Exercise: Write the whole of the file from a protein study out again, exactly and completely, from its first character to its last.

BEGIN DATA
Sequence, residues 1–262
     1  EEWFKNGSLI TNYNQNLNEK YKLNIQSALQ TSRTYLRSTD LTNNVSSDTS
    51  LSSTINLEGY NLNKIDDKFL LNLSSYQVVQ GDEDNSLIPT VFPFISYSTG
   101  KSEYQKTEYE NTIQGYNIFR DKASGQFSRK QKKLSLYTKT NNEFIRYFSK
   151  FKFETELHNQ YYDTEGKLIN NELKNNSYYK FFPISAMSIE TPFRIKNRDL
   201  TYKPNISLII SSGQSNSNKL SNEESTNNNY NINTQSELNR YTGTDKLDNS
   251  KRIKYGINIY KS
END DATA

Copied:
Sequence, residues 1–262
     1  EEWFKNGSLI TNYNQNLNEK YKLNIQSALQ TSRTYLRSTD LTNNVSSDTS
    51  LSSTINLEGY NLNKIDDKFL LNLSSYQVVQ GDEDNSLIPT VFPFISYSTG
   101  KSEYQKTEYE NTIQGYNIFR DKASGQFSRK QKKLSLYTKT NNEFIRYFSK
   151  FKFETELHNQ YYDTEGKLIN NELKNNSYYK FFPISAMSIE TPFRIKNRDL
   201  TYKPNISLII SSGQSNSNKL SNEESTNNNY NINTQSELNR YTGTDKLDNS
   251  KRIKYGINIY KS